Thanks to coronavirus, collecting the offering is tough -- but cashing in your chips isn't! That's the state of play in Nevada, where pastors are struggling to fill their pews under the governor's unfair COVID rules. If you run a casino, you can pack it out. But if you want to worship God in a 1,000-seat sanctuary, you have to limit it to 50 people -- or else.
Fortunately, some pastors in the state have had enough. Huddling with attorneys at Alliance Defending Freedom, churches like Calvary Chapel Lone Mountain and Calvary Chapel Dayton Valley decided to sue. If people can gather to bet, they argued, then they should be able to gather to pray. And at oral arguments in the Ninth Circuit Court Tuesday, three judges seemed inclined to agree.
"[It's] really insane to think that, at the outset, the casinos, when they reopened, [were doing so] at 50-percent capacity," ADF's Ryan Tucker said on "Washington Watch." "So you could have hundreds, if not thousands of people in Las Vegas Strip and the MGM Grand or one of the other large casinos. But this church, Calvary Chapel Dayton Valley, which is in rural Dayton just outside of Carson City, [was] limited to 50 people. And, you know, it's just nonsensical -- and unconstitutional as well. And I really do think that the judges recognized that... during the discussion."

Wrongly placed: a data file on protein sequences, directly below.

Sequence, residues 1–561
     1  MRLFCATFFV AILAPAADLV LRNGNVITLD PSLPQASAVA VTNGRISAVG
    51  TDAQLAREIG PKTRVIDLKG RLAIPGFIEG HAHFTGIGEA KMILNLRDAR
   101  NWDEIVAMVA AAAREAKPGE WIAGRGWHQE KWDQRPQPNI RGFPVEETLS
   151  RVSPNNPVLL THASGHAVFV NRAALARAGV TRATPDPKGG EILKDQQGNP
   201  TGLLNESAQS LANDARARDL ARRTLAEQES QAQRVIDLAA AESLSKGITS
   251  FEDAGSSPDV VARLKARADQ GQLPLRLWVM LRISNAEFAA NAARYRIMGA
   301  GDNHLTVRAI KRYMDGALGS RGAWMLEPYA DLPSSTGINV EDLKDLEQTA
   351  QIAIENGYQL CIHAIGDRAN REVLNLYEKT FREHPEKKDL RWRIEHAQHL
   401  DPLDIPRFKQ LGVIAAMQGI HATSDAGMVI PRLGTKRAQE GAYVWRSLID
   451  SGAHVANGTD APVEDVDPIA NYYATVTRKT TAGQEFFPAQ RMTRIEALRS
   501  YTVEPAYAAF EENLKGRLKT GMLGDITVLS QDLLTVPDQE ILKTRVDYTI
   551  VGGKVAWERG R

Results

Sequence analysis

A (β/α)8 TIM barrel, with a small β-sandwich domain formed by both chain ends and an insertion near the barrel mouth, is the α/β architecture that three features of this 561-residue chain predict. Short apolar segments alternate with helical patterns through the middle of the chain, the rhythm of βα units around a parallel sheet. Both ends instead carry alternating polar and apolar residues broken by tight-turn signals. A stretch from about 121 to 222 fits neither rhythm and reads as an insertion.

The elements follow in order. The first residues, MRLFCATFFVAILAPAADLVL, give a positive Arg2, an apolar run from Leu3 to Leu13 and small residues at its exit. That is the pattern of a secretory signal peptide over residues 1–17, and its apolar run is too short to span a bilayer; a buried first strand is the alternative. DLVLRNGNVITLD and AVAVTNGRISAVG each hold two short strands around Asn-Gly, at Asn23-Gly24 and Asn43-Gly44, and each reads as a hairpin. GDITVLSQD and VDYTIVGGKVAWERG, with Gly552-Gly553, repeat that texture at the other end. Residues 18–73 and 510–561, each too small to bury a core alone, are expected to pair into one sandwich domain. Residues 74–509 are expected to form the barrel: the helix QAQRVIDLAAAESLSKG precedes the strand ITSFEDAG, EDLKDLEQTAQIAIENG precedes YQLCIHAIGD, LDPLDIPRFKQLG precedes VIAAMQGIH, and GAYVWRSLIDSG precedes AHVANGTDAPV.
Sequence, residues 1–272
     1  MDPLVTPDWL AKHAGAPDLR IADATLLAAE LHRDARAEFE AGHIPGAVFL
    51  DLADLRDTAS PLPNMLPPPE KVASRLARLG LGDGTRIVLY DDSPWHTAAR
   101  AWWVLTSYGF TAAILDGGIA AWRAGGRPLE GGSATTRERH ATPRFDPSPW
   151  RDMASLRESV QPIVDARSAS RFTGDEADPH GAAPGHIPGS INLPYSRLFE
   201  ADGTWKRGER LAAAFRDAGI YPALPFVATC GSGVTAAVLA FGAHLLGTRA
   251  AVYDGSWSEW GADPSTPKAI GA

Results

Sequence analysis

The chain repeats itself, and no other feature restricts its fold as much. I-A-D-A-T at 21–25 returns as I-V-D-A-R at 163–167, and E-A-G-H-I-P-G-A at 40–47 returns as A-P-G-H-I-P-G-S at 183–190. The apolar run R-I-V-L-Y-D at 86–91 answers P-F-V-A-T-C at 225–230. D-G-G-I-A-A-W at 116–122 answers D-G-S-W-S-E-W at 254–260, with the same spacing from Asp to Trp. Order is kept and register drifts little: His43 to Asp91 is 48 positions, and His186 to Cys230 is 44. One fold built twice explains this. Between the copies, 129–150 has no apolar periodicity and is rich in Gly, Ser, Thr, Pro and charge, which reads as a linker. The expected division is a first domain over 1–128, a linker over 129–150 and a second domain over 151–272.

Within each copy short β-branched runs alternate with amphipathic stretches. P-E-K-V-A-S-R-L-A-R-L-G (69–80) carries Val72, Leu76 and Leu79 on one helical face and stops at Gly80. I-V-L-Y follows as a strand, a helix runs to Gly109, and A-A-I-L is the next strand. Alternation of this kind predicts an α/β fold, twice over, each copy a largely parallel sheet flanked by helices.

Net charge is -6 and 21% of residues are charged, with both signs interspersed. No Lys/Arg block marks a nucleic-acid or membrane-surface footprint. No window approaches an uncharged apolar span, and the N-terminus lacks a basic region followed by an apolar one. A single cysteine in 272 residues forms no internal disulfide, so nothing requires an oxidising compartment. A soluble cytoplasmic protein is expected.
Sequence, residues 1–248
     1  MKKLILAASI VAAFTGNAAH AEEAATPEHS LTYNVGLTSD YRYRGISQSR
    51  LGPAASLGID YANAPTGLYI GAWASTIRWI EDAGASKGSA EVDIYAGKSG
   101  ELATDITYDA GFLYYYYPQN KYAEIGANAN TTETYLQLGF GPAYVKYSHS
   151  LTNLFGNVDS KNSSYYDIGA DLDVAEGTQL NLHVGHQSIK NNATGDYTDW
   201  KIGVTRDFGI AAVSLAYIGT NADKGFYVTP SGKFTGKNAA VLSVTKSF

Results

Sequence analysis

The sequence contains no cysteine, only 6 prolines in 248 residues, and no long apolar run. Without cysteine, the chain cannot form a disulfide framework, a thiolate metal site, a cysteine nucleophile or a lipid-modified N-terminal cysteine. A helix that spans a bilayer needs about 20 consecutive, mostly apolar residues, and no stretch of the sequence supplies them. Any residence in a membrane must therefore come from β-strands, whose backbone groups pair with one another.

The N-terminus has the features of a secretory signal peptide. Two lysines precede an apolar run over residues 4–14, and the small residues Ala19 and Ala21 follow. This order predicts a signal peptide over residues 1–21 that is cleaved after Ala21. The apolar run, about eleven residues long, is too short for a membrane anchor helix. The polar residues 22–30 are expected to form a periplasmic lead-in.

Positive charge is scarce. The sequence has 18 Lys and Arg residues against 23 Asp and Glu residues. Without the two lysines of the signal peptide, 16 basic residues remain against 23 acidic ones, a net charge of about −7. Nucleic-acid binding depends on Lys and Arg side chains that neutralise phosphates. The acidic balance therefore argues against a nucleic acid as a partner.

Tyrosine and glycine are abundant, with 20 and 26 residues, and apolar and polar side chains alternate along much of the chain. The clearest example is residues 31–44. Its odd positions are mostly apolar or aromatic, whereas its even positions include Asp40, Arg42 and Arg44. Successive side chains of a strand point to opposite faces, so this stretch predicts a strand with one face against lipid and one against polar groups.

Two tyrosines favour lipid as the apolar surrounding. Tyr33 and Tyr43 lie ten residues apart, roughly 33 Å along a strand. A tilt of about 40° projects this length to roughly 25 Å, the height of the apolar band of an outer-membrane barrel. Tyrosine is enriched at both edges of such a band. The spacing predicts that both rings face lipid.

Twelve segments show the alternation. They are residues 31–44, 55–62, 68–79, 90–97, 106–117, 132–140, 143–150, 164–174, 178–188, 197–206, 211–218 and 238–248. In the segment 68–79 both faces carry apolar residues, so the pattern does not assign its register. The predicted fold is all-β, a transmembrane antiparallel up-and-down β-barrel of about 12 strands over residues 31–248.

For Governor Steve Sisolak (D), the outlook wasn't exactly optimistic. The U.S. Supreme Court had already ruled discriminatory rules like his in New York City this month. And that decision was being used all over the country to beat back similar policies. "I think the Supreme Court has made it very clear," Judge Mark Bennett said, "when you treat bike repair shops and liquor stores far more favorably than houses of worship, you are not meeting the applicable First Amendment test." His colleague, Milan Smith, agreed.
Things got worse for the governor when his Deputy Solicitor General Craig Newby suggested that casinos are in a different category than churches because they're regulated by the Nevada Gaming Commission. Nice try, Smith said. "I read that in your brief, and I couldn't stop laughing," he told Newby. "The reality is, when you have all these people in casinos, they're not paying attention to any rules -- I don't care how well it's regulated. So I don't see how you justify treating religious [groups] worse than casinos."
There's no such thing as the freedom to gamble. There is, however, freedom of religion -- and it's spelled out right there in the Constitution. "You can't be treating the church and its members in a second class capacity. You can't place priority on liquor stores, on big box stores, on other retailers, and not at the very least of how the church is operating at those same restrictions. You can't treat them less than these other secular competitors," Tucker insisted. We'll see if the three-judge panel agrees. If they do, it'll affect churches across Nevada and all down the West Coast.
All the more reason to join FRC and Ryan Tucker tonight at 8:00 p.m. (ET), as we pray for courts like this one to respect America's freedom. Pastor Jack Hibbs of Calvary Chapel Chino Hills will be joining us, as well as Times Square Church's Pastor Carter Conlon. For more information or to catch the live stream, visit PrayVoteStand.org.